EXCO's first argument, that compliance with the License was not a precondition of renewal, is inconsistent with the plain language of the License. Paragraph 6 of the License provides that the License has an initial term of five years, which "may be renewed by Licensee for an additional term of five (5) years, if Licensee is in full compliance with all of the terms and conditions of: (A) this License; and (B) the Gas Lease." In Pennsylvania, "a condition precedent to an obligation must be expressed by clear language or it will be construed as a promise or covenant. Language not clearly written as a condition precedent is presumed not to be, unless the contrary clearly appears to be the intention of the parties." Mellon Bank, N.A. v. Aetna Bus. Credit, Inc., 619 F.2d 1001, 1016 (3d Cir. 1980) (citing Britex Waste Co. v. Nathan Schwab & Sons, 12 A.2d 473 (Pa. Super. Ct. 1940); Potts Mfg. Co. v. Loffredo, 340 A.2d 468 (Pa. Super. Ct. 1974); Sharp v. McKelvey, 172 A.2d 580 (Pa. Super. Ct. 1961)). The language in paragraph 6 of the License is expressed in clear and unambiguous terms, allowing EXCO to renew only if it is in full compliance with the License.

EXCO's second argument with respect to the eligibility to renew issue is not supported by the language of the License. EXCO argues that New Forestry's failure to provide EXCO with notice of noncompliance and an opportunity to cure prevents it from refusing to recognize EXCO's notice of renewal on the grounds of noncompliance. Paragraph 18 of the License provides that New Forestry may terminate the License if EXCO breaches the License and New Forestry provides notice of the breach and an opportunity to cure. The requirements for notice and opportunity to cure relate to New Forestry's rights with respect to terminating the License. These requirements are not referenced in paragraph 6, which details EXCO's rights with respect to renewal of the License. Further, it would not have been logical for New Forestry to provide notice and an opportunity to cure at the time that it learned of the violations, in July 2010, months after the May 13, 2010 deadline to provide written notice of renewal, because the violations had ceased by that time.

Additionally, the payment and notice of intent to renew that was provided in August 2010 occurred months after the May 2010 deadline for renewal. Such notice and payment could not operate as a renewal, regardless of the eligibility issues discussed above, because it was not timely. See Warner v. Bedell Co., 123 A. 490, 491 (Pa. 1923) ("Ordinarily, the possession of [an option] must exercise it on the day, or within the time specified . . . ."); W. Sav. Fund Soc. of Phila. v. Se. Pa. Transp. Auth., 427 A.2d 175, 192 (Pa. Super. Ct. 1981). Thus, EXCO did not renew the License in 2010 when it provided payment and notice.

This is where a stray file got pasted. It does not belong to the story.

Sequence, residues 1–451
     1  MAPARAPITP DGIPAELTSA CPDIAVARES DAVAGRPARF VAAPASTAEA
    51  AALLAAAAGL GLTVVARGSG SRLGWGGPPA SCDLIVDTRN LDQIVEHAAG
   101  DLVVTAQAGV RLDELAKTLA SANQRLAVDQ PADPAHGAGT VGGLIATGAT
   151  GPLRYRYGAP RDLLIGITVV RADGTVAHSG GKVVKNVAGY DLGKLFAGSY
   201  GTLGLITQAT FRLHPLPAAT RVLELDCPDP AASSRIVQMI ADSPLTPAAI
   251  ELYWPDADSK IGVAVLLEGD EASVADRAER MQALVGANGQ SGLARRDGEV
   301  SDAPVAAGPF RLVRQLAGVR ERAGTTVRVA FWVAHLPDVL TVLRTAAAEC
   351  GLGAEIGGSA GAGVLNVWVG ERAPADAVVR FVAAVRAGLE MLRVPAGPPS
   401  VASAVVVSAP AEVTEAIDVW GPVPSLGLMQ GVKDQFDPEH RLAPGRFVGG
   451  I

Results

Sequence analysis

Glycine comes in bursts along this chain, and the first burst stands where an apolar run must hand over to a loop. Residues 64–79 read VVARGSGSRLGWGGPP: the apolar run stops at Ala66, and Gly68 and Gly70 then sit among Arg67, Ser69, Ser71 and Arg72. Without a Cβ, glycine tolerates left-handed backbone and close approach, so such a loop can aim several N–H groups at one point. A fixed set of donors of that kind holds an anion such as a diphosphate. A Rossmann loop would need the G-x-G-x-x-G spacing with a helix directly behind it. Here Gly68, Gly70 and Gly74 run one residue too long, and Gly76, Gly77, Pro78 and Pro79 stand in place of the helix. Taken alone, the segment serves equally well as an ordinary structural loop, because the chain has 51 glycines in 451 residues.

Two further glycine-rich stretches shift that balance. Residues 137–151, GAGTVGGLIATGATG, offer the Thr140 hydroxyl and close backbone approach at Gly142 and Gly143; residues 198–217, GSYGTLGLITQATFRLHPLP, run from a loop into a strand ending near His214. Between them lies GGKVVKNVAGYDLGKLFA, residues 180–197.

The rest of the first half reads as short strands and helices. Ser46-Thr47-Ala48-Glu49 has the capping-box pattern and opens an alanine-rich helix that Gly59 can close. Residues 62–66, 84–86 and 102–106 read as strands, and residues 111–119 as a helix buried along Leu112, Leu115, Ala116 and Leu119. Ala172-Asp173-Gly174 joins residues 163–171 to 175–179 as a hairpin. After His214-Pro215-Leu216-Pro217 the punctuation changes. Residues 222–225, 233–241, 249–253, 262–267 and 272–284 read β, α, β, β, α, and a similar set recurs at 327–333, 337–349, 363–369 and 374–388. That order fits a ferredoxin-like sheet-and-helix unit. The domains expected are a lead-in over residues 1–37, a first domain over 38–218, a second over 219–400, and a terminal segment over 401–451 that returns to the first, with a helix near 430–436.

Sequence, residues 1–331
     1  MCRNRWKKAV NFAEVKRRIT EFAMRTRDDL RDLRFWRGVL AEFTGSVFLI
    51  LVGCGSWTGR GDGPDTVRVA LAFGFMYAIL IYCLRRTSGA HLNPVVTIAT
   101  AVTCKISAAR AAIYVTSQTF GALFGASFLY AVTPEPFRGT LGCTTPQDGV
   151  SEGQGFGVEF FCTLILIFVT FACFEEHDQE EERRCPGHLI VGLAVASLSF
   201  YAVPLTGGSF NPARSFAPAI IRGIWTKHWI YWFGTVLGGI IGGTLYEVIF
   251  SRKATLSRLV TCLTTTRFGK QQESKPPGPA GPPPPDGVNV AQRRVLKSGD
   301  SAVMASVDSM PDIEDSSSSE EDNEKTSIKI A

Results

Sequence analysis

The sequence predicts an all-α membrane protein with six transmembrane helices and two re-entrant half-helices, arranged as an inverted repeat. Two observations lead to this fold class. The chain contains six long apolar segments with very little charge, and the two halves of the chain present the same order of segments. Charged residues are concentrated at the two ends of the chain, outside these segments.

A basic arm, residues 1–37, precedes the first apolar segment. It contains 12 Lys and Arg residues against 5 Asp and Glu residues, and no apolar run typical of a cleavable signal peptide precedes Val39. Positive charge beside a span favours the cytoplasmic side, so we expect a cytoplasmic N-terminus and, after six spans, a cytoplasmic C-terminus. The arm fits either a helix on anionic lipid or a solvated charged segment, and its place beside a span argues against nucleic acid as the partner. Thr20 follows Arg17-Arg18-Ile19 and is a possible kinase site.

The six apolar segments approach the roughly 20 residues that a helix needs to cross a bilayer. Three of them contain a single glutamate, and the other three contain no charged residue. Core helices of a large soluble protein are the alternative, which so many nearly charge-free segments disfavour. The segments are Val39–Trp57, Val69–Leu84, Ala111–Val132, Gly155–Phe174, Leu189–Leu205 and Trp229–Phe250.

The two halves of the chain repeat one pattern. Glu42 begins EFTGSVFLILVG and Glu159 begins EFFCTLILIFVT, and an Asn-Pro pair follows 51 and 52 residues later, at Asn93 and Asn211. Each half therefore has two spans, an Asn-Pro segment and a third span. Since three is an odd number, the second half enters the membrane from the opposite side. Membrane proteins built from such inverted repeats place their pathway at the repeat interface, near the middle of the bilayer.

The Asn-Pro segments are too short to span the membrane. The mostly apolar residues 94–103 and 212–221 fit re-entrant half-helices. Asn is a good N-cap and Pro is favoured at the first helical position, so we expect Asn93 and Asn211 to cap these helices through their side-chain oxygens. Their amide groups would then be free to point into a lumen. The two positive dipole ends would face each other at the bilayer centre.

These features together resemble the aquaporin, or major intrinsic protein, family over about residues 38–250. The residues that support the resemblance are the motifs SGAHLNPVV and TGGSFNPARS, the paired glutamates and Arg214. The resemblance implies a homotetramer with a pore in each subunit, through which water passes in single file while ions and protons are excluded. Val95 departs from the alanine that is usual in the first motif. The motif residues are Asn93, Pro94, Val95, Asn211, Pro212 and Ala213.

EXCO also argues that it renewed the License before the alleged 2010 violations, through its letter of May 20, 2009. Because the License violations all allegedly occurred after that date, EXCO argues that they could not have prevented it from renewing the License. The Court will discuss whether EXCO's May 20, 2009 letter was sufficient to renew the License below.

2. EXCO's Purported Renewal in 2009

EXCO asserts that it has the right to operate the Disposal Well and Disposal Facility under the License because it sufficiently renewed the License on May 20, 2009. Paragraph 6 of the License states that the right to renewal "shall be conditioned upon [EXCO] giving [New Forestry] written notice of [EXCO]'s intent to renew at least ninety (90) days prior to the expiration of this License, accompanied by payment to [New Forestry] in the amount of $10,000.00, plus an amount equal to the sum of the annual cost of living increases since the date of this License, indexed against the Consumer Price Index ('CPI'), for each of the prior years during the term of this License up to the time of renewal." EXCO argues that the only precondition was that it provide written notice of an intent to renew before the May 2010 deadline, and that it provided such notice by letter on May 20, 2009. The May 20, 2009 letter is a request for an amendment to the License and expansion of the Disposal Facility and contains the following language:

As the undertaking of the construction and implementation of the proposed facility and pipeline will include a substantial cash expenditure, EXCO further requests that the respective Amendment to the License authorizing the construction and usage of the proposed facility and pipeline right of way to include an extension term of five (5) years from August 12, 2010.

New Forestry argues that the May 20, 2009 letter did not express an intent to renew the License; rather, an amendment of the License accompanied by a five-year extension due to the substantial cash expenditure involved with the expansion. Further, New Forestry argues that EXCO was required to provide payment before the May 2010 deadline in order to renew the License for an additional five years.